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  [21] Investment  1 2 3 4 5 6  

“That gain cannot be made without some other person's loss” is an antiquated belief still held by many; if this were true, then one would need to point out those that lost WHILE we became surrounded by wealth, wealth that the world increases by the minute. We mostly create wealth, not filch it from others, as some tend to believe.

4.50 (6)

Thanks to: WALT HASKINS - Lahaina, Hawaii - USA. - rec.:Jul 13, 2005 - pub.:Jul 22, 2005 - sent.:Aug 1, 2005

Counting one’s paper profits is like eating chicken while it is still flapping.

4.50 (6)

Thanks to: WALT HASKINS - Lahaina, Hawaii - USA. - rec.:May 17, 2005 - pub.:Jun 7, 2005 - sent.:Oct 9, 2005
Make sure your investments are diversified #82

This means including in your portfolio different asset classes such as property, shares and fixed interest, different industries (to shield against economic impact in one category) and different countries (to take into account global cycles, economic dynamics and different exchange rates).

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Thanks to: A.G. Edwards - USA. - rec.:Apr 18, 2002 - pub.:Apr 18, 2002 - sent.:Apr 2, 2002
Three tips to get the most of our your 401(k) #4220

People often wrestle with the psychological decision to put money into tax-deferred savings plans like a 401(k), 403(b), or the Government's Thrift Savings Plan (TSP). Sure, it's an investment in your future; it's tax-deductible, etc. But it's still money out of your pocket, so it's hard.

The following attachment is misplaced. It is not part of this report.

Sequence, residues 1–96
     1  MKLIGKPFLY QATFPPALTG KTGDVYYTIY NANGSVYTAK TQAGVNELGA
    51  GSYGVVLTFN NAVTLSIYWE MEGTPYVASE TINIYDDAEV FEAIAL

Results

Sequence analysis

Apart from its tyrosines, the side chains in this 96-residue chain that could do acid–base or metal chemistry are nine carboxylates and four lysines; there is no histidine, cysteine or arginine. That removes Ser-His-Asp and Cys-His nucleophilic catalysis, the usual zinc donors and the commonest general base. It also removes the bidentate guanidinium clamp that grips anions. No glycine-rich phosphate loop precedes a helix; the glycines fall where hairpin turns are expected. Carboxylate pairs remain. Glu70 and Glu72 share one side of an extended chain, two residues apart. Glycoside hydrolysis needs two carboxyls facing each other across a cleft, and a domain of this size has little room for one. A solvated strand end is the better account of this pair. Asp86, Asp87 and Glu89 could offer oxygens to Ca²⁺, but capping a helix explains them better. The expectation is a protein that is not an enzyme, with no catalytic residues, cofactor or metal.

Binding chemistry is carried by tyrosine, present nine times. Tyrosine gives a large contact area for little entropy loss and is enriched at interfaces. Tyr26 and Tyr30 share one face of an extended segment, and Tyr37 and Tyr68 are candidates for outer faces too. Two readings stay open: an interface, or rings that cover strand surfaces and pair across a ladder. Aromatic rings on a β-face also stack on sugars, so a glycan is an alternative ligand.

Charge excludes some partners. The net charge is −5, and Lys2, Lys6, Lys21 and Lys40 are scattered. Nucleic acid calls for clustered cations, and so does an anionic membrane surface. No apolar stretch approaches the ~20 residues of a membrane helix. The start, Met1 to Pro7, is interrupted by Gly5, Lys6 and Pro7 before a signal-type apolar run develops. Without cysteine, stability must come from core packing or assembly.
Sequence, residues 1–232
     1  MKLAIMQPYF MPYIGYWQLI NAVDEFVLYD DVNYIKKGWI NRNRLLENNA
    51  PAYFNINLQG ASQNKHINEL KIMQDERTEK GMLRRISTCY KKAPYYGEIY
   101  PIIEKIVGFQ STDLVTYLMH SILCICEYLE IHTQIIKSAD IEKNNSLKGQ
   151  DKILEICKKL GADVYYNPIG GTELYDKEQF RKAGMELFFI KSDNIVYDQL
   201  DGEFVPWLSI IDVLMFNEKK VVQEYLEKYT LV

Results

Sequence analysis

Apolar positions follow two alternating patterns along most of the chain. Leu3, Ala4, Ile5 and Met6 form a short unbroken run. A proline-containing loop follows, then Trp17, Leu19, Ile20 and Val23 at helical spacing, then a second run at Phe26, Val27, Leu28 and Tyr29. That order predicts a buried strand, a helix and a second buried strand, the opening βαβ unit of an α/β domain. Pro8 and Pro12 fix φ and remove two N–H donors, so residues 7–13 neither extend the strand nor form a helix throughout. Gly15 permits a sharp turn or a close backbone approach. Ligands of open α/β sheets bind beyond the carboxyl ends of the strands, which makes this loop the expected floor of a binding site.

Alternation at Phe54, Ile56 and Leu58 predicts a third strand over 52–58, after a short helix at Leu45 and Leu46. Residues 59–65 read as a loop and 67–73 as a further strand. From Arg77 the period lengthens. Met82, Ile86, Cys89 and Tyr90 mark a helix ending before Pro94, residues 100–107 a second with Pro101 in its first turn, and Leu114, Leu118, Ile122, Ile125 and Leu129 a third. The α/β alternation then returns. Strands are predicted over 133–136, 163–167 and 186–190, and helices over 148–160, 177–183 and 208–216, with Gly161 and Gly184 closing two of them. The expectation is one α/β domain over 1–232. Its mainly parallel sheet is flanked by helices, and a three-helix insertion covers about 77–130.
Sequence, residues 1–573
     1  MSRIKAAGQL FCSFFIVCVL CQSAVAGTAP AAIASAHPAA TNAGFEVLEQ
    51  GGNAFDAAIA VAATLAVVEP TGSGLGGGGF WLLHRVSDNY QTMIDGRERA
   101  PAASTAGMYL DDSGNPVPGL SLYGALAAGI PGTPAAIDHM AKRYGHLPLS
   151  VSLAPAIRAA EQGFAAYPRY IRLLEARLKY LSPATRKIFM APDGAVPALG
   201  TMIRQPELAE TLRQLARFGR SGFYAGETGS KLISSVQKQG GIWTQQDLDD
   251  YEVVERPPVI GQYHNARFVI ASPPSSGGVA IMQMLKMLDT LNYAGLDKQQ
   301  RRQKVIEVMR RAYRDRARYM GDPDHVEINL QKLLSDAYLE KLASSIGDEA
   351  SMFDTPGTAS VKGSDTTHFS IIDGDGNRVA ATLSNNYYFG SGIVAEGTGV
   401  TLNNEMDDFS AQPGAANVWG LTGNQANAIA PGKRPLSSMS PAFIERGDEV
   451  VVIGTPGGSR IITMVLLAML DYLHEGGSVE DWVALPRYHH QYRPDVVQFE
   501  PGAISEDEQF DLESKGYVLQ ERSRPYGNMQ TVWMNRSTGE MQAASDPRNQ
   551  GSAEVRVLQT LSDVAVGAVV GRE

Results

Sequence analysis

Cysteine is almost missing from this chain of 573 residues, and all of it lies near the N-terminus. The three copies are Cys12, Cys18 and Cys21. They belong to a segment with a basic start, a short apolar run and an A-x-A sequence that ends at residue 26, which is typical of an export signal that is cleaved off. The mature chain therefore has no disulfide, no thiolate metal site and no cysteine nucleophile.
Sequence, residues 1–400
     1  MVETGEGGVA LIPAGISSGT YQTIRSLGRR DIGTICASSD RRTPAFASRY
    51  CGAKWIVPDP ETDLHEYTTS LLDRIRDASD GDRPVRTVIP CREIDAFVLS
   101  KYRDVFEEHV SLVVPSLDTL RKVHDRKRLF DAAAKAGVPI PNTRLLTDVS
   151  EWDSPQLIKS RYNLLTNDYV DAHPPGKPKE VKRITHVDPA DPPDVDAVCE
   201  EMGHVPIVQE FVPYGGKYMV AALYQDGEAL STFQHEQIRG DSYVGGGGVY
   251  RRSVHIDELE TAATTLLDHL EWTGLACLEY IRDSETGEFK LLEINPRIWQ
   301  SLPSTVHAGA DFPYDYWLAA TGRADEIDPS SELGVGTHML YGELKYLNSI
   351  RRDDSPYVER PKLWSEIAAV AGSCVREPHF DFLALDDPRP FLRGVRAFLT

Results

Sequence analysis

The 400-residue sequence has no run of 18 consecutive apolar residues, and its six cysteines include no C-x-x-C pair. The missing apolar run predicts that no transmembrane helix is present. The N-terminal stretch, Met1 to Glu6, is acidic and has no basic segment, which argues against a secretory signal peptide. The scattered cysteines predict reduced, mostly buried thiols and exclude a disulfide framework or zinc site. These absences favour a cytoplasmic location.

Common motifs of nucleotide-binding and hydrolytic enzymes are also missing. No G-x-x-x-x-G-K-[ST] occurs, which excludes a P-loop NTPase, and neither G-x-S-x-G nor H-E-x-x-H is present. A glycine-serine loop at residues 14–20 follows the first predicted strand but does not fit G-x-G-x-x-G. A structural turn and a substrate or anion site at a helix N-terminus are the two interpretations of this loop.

But it's also very important. If you're under 40, you can't count on traditional pensions or Social Security being there when you retire. So, here are three tips to make saving in a 401(k) a little less painful:
1. Start right away. The day that you get a new job immediately signs up for the 401(k). You don't have any idea what your net pay will be anyway, so getting the deductions going from Day One will reduce the mental impact of having a lower net pay.
2. Take all the free money. Companies may offer some sort of match, like donating 50 cents for every dollar you contribute up to 6% of your salary. Even if your investments don't do very well, getting that kind of match means you've already made a 50% return on your investment. Always contribute enough to get all of the matching funds.
3. Split your raises. When you get a raise, put half of it towards your 401(k) and keep the other half -- for example, if you get a 3% raise, increase your 401(k) contributions by 1.5% and let the rest show up in your net pay. You'll still see a raise in your net income but you'll also be putting aside money for your future.
The maximum amount you can contribute in 2006 is $15,000. You may not make that goal this year, but follow these three points and you eventually will maximize your 401(k). Start early enough and you're practically guaranteed to be a millionaire when you retire at age 65, whether Social Security exists or not.

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Thanks to: James C. Samans - USA. - rec.:Feb 16, 2006 - pub.:Feb 16, 2006 - sent.:Apr 9, 2006
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